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Singer Lady Gaga rallies Maine activists in fight against ‘Don’t Ask, Don’t Tell’

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Singing sensation Lady Gaga threw the full weight of her stardom Monday behind efforts to repeal a US ban on gays serving openly in the military, decrying it as “against all that we stand for as Americans.”

The pop provocateur electrified a crowd of several hundred in a park here in the northeast US state of Maine, home to two Republican US senators who Lady Gaga and other gay rights activists hope will break with their party and support ending the ban.

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The openly bisexual singer — an icon in the gay community — has urged senators to vote to repeal “Don’t Ask, Don’t Tell,” a law that requires gay military personnel to hide their sexual orientation or face dismissal.

“Equality is the prime rib of America,” she told the crowd. “But because I’m gay I don’t get to enjoy the greatest cut of meat my country has to offer.”

She appeared to be alluding to the explosively controversial “meat dress” that she wore to the MTV Music Awards earlier this month — a provocation she seemed to confirm was an effort to draw attention to the inequality of the 1993 rule that requires gays to disclose their sexual orientation or face dismissal.

“I’m here because Don’t Ask, Don’t Tell is wrong, it’s unjust, and fundamentally it is against all that we stand for as Americans,” she said to rapturous applause.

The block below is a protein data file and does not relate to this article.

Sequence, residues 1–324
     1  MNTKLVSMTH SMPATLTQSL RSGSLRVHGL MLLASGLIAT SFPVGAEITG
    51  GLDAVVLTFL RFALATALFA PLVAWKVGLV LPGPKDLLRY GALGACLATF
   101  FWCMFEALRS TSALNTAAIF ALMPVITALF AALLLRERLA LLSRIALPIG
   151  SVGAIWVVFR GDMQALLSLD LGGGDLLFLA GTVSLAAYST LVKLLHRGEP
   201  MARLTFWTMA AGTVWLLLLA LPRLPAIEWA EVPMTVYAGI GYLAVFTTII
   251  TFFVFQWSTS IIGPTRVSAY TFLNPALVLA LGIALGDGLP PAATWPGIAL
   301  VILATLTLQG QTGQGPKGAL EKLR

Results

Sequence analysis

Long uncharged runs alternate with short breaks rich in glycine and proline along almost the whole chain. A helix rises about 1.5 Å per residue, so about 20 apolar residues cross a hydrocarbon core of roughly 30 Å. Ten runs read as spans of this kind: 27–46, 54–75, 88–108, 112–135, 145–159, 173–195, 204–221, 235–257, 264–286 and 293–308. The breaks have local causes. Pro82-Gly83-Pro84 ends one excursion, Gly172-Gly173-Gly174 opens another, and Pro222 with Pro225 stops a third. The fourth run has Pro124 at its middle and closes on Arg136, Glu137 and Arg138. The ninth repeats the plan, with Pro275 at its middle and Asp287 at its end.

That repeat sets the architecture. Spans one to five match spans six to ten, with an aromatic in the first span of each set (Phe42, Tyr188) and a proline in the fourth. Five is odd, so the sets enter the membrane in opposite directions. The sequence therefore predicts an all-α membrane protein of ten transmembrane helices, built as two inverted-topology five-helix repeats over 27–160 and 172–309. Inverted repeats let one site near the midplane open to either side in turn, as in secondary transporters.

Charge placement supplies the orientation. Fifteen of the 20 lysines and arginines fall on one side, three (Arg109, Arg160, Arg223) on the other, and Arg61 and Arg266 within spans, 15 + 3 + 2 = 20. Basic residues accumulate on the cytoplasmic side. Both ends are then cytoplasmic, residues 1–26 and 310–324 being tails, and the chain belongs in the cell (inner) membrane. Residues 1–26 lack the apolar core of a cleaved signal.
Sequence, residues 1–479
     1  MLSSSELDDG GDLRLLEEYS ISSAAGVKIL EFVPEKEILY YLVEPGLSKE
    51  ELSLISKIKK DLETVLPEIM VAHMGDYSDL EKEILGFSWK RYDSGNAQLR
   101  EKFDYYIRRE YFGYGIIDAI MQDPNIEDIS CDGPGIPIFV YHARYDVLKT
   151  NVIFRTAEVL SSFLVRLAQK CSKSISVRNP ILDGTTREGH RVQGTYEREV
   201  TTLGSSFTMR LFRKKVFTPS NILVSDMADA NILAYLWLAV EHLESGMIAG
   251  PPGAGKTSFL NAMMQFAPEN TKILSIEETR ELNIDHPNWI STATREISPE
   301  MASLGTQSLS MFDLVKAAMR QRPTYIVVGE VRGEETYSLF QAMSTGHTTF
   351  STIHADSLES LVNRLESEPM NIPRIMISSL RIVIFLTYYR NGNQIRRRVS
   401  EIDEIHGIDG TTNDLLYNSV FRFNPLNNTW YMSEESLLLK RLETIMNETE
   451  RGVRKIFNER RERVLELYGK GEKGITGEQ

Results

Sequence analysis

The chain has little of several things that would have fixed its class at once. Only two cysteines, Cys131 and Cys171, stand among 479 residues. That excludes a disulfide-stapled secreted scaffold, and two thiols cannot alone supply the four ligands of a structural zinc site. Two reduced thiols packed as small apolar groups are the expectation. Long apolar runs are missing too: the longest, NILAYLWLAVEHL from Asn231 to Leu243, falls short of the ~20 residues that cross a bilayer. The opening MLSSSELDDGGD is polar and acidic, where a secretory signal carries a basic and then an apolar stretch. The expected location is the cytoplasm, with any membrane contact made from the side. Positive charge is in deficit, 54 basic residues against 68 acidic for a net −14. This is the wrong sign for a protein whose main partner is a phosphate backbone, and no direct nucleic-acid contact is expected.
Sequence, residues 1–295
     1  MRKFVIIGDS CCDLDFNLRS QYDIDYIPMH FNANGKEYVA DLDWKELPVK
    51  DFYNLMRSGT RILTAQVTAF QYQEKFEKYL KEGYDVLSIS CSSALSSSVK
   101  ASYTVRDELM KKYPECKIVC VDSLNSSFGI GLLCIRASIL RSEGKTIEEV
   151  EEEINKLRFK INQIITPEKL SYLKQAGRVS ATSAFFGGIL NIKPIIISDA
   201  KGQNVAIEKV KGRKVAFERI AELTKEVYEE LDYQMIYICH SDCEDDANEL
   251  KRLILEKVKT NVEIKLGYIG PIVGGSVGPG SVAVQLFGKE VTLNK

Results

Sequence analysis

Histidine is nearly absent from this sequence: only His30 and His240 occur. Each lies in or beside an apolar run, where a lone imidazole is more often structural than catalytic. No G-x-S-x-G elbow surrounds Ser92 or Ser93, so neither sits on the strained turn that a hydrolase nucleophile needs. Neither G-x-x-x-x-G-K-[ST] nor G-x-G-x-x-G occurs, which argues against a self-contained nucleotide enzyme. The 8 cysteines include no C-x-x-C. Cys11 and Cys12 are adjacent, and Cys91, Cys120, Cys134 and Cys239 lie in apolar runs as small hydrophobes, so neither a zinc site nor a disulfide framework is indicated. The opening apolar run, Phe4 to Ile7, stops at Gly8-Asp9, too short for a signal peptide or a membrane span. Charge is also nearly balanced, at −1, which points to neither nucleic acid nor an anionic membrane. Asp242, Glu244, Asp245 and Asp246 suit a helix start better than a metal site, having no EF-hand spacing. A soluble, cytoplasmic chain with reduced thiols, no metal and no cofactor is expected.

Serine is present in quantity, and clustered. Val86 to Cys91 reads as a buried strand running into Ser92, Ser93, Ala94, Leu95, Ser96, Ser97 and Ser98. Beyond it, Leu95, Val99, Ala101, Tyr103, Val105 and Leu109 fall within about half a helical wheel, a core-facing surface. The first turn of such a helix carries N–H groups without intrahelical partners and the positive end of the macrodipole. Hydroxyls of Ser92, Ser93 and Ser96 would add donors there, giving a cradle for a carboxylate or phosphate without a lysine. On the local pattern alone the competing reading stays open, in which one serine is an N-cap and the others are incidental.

Dismissing what she called the use of homophobia as a defense in the argument that gays should not openly serve, she proposed turning the tables on soldiers who claim they can’t perform their duties adequately alongside a gay colleague.

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“Doesn’t it seem to be that Don’t Ask, Don’t Tell is backwards?” she asked, observing that gay soldiers who “hold and harbor no hatred, no prejudice, no phobia, are sent home” while “homophobic” troops remain on the job.

“If you are not honorable enough to fight without prejudice, go home!” she said in her fiery 20-minute speech before hugging veterans who had been dismissed by the US military because their sexual orientation was disclosed.

The Senate was set to vote Tuesday afternoon on a bill that includes a repeal of the ban, but Arizona Senator John McCain, the Republican who lost to Barack Obama in 2008, is expected to block the vote with a move called a filibuster.

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The Maine lawmakers Lady Gaga is lobbying with her rally, Senators Olympia Snow and Susan Collins, have not said how they will vote on the issue.

Kevin Kelly, a spokesman for Collins, said the senator “is undecided. She has encouraged Senator (Harry) Reid to work with Republican leaders to come up with an agreement to allow for Republican amendments.”

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A “yes” vote by at least 60 of the Senate’s 100 members would end the filibuster and allow a full vote on the bill to proceed.

Obama’s Defense Secretary Robert Gates and Admiral Mike Mullen, chairman of the Joint Chiefs of Staff, both backed the repeal this year, and said a Pentagon study due at the end of 2010 would help guide the new rules for military service.